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Severe Weather Tips from Road Safety Wales

While conditions are very bad, and the emergency services and the Welsh Government are recommending that people don’t travel, avoid making your journey unless it is absolutely necessary. Of course, what is ‘essential’ to one person may not be to another, but try to be realistic about which journeys are essential and which ones could be postponed.  If you decide you really must travel:

  • Let someone know where you are going and what time you hope to arrive so that they can raise the alarm if you get into difficulties.
  • Plan alternative routes in case your main choice(s) becomes impassable.
  • Keep your fuel tank near to full to ensure that you do not run out.
  • Make sure you have a fully charged mobile phone, so you can call for help or alert someone if you’re delayed – it could be a long walk to a phone if you don’t have a mobile phone.
  • If you don’t have an emergency kit in your vehicle, at least take extra warm clothes, boots and a torch.
  • Consider keeping a couple of long-life energy bars in the glove box.
  • Clear your windows and mirrors completely of snow and ice before you set off (make sure the heater is blowing warm air before setting off – it will keep your windscreen clear.)

If you find yourself driving in snow or on icy or snow-covered roads, adapt your driving to these conditions:

  • Reduce your speed. The chances of skidding are much greater and your stopping distance will increase massively.
  • Only travel at a speed at which you can stop within the distance you can see to be clear. Speed limits are the maximum in ideal conditions; in difficult conditions, they can often be too fast.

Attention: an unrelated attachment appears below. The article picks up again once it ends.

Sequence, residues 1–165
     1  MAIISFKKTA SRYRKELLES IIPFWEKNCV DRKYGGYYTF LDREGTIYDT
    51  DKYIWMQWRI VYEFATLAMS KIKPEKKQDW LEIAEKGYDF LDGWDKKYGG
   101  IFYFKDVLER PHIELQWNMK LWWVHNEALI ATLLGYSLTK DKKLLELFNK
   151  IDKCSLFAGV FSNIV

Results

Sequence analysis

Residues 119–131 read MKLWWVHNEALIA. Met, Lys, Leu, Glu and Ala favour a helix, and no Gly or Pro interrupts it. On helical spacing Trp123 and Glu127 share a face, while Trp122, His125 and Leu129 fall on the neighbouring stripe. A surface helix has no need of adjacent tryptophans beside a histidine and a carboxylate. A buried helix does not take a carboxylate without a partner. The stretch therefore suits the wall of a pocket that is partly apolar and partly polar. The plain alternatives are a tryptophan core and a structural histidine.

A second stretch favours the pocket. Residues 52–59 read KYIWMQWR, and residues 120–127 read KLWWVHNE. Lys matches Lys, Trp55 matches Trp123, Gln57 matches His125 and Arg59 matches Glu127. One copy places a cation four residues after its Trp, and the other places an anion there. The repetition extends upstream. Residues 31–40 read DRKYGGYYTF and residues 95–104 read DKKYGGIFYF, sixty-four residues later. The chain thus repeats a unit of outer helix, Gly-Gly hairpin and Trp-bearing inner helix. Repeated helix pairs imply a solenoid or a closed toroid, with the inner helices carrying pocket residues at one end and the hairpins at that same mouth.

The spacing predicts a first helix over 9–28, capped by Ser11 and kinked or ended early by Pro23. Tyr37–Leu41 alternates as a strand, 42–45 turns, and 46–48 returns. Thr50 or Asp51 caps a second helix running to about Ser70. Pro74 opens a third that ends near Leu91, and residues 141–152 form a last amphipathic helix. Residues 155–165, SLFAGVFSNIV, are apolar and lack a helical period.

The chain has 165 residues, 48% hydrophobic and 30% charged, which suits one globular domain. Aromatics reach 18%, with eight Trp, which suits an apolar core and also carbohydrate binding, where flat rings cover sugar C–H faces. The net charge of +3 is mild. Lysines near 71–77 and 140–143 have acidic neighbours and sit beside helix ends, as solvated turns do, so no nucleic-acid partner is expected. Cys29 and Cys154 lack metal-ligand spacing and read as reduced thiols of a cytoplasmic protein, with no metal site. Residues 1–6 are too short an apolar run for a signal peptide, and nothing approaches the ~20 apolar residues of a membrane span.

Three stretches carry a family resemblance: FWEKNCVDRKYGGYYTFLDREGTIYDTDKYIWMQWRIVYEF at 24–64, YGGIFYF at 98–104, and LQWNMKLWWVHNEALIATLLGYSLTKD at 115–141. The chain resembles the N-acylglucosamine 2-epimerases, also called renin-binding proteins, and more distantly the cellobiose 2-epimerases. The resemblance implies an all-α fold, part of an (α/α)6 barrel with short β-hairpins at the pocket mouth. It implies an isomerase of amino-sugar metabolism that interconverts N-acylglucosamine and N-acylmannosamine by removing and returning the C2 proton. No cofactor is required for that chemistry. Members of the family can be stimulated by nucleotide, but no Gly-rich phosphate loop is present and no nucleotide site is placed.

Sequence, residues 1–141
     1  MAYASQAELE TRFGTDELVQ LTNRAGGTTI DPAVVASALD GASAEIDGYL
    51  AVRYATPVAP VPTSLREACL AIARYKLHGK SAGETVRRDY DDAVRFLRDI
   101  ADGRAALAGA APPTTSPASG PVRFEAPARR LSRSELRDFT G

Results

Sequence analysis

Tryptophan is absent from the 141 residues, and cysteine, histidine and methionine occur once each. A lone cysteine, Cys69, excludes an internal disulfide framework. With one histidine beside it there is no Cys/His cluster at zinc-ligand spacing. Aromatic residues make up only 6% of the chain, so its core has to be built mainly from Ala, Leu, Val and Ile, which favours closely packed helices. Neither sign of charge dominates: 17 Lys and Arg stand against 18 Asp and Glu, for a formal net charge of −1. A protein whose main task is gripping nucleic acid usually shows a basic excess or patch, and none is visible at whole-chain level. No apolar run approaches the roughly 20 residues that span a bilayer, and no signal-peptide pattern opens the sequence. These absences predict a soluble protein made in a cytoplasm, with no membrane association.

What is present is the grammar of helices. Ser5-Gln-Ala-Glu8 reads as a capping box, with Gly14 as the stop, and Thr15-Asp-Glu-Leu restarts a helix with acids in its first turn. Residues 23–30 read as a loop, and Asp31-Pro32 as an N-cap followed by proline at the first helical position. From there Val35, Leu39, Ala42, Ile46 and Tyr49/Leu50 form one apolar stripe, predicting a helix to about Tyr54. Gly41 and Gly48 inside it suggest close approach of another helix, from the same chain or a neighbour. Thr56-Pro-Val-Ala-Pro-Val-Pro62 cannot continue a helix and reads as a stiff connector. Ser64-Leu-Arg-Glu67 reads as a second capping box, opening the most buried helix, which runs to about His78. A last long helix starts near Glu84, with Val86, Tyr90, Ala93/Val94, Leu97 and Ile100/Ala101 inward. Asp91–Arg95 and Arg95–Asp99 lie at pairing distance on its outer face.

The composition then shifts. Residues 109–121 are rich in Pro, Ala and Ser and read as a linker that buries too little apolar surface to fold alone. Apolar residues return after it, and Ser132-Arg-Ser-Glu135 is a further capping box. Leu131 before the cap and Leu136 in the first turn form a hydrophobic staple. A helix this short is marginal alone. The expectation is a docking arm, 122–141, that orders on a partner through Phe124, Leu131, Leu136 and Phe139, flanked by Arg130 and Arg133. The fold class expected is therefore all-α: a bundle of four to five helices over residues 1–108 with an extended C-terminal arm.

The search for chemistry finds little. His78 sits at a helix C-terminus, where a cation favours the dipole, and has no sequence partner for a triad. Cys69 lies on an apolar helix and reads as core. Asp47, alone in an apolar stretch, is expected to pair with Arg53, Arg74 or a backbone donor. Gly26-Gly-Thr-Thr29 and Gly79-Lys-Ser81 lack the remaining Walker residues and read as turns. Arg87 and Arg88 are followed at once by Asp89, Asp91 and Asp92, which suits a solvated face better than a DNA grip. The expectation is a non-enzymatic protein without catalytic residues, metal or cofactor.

• Avoid harsh braking and acceleration, or sharp steering.
  • Always reduce your speed smoothly and in plenty of time on slippery surfaces.
  • Slow down in plenty of time before bends and corners.
  • Braking on an icy or snow-covered bend is extremely dangerous. The centrifugal force will continue to pull you outwards and the wheels will not grip very well. This could cause your vehicle to spin.
  • To slow down on ice and snow, lift the gas early to allow the speed to drop sufficiently to select a lower gear. If you need to use the brakes, use very gentle pressure depressing the clutch early to avoid stalling the engine.
  • Increase the gap between you and the vehicle in front. You may need up to TEN TIMES the normal distance for braking.
  • Keep your vehicle well-ventilated. The car heater turned up full can quickly make you drowsy.
  • In snow, stop frequently to clean the windows, wheel arches, lights and number plates.
  • Visibility will probably be reduced, so use dipped headlights.

During wintry weather, road surfaces are often wet and/or covered in frost and ice or snow. But this does not occur uniformly. A road will often have isolated patches of frost or ice after most of the road has thawed – this commonly occurs under bridges.

If you get stuck in snow revving your engine to try to power out of the rut will just make the rut worse. Instead, move your vehicle slowly backwards and forwards out of the rut using the highest gear you can.

If this doesn’t work, you may have to ask a friendly passer-by for a push or get your shovel out.

If you get caught in a snowdrift don't leave your vehicle.  Call your breakdown service or the emergency services and let help come to you.  Don't run the engine to keep warm.